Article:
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Editorial: State heating law needs flexibility; Amherst activist dies

  • An air conditioner unit —Public Domain


Thursday, October 05, 2017

An early autumn heat wave last week exposed a flaw in the state law requiring landlords to provide heat from Sept. 15 to June 15. State officials need to make the law more flexible to account for unseasonably warm outdoor temperatures in late September or after.

The problem is that some apartment buildings — including the Clark House on Lessey Street in Amherst and Michael’s House on State Street in Northampton — do not have separate heating and cooling systems. When the heating system is activated Sept. 15, as required by state law, the air conditioning cannot be turned back on unless a variance is granted by the Board of Health — a process that may well take longer than the heat wave.

Most of the tenants at the Clark and Michael’s houses are seniors, who because of health issues may be particularly uncomfortable in the heat, especially if they lack the mobility to leave their apartment for a cooler  place during the day.

Last week, temperatures reached the upper 80s on the first floor of the six-story Clark House, leaving tenants like Christina Rose with no way to cool down in their apartment. “Our system either has air or it has heat,” she said. “It’s not like you have a choice to put either one on.”

WinnResidential in Boston manages the Clark House, and in a letter to tenants apologized for its inability to put the air conditioning back on, noting that it had already been winterized.

Furthermore, Ed Cafasso, a spokesman for the  property management company, pointed out it would have been illegal to turn the cooling system back on after Sept. 15 without a variance from the health board.

Conditions were similar at the Michael’s House, where tenant Laura Bellusci said, “The heat in these apartments has been so unbearable to make getting a good night’s sleep nearly impossible.”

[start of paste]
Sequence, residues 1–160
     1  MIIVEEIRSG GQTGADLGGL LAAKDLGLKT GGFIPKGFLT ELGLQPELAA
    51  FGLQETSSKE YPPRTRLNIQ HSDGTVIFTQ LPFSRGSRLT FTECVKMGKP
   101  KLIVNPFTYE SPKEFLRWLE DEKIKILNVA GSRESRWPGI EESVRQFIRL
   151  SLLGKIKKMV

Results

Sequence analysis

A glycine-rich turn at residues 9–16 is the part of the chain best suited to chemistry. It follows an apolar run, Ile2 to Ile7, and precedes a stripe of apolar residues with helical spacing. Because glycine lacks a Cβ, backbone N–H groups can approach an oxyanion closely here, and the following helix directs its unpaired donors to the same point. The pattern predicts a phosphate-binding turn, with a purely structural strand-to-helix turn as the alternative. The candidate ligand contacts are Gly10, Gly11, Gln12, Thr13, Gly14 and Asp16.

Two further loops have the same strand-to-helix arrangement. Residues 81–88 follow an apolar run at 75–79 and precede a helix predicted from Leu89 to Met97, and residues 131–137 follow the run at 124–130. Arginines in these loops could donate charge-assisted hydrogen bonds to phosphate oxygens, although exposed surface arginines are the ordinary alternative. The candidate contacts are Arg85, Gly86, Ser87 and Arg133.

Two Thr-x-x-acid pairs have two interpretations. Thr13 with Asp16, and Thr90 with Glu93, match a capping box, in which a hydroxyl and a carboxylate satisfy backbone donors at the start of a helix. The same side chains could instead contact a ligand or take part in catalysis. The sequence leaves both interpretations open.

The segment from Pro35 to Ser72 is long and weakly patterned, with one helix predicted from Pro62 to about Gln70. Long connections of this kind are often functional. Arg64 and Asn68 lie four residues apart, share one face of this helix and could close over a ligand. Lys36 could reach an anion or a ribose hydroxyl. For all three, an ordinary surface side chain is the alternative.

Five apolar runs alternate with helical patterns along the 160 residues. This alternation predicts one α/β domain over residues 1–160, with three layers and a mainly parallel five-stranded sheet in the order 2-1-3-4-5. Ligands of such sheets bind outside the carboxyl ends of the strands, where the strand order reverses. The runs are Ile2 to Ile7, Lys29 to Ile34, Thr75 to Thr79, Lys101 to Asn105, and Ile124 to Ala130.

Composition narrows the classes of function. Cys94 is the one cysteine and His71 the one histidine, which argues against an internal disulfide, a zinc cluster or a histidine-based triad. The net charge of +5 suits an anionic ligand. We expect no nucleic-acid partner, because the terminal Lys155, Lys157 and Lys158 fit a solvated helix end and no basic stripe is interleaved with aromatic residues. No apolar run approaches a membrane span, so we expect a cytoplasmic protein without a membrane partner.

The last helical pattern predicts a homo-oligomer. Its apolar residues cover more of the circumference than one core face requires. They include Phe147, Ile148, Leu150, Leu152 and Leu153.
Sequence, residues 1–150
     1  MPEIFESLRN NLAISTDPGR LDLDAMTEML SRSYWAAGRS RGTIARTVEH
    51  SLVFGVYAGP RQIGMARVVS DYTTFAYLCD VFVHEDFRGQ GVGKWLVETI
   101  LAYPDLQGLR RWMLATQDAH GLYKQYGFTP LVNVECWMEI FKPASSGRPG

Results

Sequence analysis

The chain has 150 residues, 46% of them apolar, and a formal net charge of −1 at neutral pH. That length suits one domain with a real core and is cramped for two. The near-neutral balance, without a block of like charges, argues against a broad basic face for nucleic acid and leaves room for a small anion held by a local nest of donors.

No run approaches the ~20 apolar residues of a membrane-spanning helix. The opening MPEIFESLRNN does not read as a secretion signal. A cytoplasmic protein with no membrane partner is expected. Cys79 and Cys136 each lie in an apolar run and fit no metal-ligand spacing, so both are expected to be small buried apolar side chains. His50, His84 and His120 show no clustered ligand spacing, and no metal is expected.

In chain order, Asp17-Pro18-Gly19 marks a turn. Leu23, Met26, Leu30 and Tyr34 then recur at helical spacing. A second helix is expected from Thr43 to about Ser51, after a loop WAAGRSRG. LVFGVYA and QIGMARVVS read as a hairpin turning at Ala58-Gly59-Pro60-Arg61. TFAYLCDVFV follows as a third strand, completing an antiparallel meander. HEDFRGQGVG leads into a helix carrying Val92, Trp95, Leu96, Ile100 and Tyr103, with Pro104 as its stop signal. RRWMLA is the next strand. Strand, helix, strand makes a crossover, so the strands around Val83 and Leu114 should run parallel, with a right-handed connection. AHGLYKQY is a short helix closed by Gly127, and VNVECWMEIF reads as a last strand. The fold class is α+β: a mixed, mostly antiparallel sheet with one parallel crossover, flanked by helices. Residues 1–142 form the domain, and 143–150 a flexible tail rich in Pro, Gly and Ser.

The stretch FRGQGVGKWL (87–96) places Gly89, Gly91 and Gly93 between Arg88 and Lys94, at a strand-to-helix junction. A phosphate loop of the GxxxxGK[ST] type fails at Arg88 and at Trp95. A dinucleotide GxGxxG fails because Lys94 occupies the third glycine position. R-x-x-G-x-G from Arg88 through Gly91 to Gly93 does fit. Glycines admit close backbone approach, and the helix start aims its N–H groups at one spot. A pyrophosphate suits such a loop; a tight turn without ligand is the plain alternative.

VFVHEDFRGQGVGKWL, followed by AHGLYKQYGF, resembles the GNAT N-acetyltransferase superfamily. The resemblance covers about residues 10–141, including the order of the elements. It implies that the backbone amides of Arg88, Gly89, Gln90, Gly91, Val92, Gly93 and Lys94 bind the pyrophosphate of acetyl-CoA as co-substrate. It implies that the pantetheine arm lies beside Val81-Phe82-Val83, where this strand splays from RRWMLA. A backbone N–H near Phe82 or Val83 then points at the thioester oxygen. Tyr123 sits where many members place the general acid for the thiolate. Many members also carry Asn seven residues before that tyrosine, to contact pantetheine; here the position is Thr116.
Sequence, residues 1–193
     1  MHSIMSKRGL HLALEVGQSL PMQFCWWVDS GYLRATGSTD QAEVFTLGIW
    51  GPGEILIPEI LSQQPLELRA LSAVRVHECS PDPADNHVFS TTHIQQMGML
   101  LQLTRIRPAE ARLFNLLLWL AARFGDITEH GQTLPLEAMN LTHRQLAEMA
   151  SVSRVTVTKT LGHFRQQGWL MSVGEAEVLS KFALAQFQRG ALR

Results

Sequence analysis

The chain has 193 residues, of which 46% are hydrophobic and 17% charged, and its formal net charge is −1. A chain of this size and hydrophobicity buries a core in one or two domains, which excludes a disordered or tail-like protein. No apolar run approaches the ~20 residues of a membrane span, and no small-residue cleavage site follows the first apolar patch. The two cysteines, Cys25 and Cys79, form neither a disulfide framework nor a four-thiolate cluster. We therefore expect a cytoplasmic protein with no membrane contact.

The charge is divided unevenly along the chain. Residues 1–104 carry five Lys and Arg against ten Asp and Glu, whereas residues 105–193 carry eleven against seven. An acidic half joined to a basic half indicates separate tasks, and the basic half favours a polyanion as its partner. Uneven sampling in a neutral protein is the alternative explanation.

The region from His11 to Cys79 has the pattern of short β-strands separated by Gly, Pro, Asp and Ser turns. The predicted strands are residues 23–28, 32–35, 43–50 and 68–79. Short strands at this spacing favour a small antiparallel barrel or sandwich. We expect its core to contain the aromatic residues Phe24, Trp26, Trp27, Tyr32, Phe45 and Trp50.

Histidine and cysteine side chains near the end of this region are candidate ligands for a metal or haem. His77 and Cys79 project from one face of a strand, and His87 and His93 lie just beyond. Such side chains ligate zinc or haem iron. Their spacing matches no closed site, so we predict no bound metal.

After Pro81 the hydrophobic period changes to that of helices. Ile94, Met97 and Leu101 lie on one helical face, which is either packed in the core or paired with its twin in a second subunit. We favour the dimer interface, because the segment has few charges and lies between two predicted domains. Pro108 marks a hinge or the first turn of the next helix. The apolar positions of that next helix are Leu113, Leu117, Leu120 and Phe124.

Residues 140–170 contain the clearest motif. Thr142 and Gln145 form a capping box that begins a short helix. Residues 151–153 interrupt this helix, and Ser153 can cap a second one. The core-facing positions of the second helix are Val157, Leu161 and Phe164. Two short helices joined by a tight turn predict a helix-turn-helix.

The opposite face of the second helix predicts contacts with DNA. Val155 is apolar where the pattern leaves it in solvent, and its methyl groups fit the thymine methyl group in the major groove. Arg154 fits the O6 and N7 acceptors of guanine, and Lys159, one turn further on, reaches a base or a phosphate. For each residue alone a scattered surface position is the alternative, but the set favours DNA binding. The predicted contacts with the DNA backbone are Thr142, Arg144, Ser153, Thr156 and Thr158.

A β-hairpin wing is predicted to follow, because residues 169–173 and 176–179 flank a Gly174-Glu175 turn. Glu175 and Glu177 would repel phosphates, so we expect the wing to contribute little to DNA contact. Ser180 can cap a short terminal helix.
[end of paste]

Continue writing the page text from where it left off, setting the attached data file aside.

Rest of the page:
Though management put an air conditioner in the window of the fourth-floor crafts room at the Michaels House, Bellusci said “whenever I popped in for a cooling breath there weren’t any people making use of it … many have a difficult time moving around and making adjustments.”

The state sanitary code, which is overseen by the Department of Public Health, sets minimum standards of fitness for habitation “to protect the health, safety and well-being of the occupants of housing.” Landlords must provide heat of least 68 degrees between 7 a.m. and 11 p.m., and at least 64 degrees the rest of the time, except between June 15 and Sept. 15.

Cafasso said this year’s heat wave is motivation to seek a permanent variance from the Board of Health so air conditioning is available, if needed, from May 1 to Oct. 1 in future years at Clark House. That’s a sound idea.

Even better is to increase flexibility for all landlords with a change in the state regulation. Coincidentally, the Department of Public Health is rewriting the code to update sections of the minimum standards for habitation. Among the proposed revisions is allowing local boards of health to decide the number of heating days required, and post that information in each community.

That’s a common-sense approach that we hope is adopted so no tenants again will have to endure uncomfortable heat due to unpredictable weather.

* * *

Undoubtedly, Isaac Ben Ezra is one man who would have taken up the cause of tenants seeking relief from inflexible state regulations. Ben Ezra died at age 91 on Monday at the Hospice of the Fisher Home where he had been since early September. He had lived in Amherst since 1996.

Social work was his profession, but Ben Ezra’s mission in life was working to right social injustices. He was an activist in the labor and civil rights movements and an advocate for better health care, the environment and senior rights. 

Town Meeting member Adrienne Terrizzi, who had many conversations with Ben Ezra over their shared interest in the Middle East, described him as the conscience of Amherst. “He’d often urge activism in the area where he felt we were lagging in town.”

Northwestern District Attorney David Sullivan, who spoke during a celebration of Ben Ezra’s career three years ago, this week said, “He was a true champion for seniors. He fought for affordable health care and medications. If you were fighting against any injustice, you always wanted Isaac in your corner.”

Ben Ezra lived a full life, rich with adventure and meaning, and along the way enriched the lives of many others.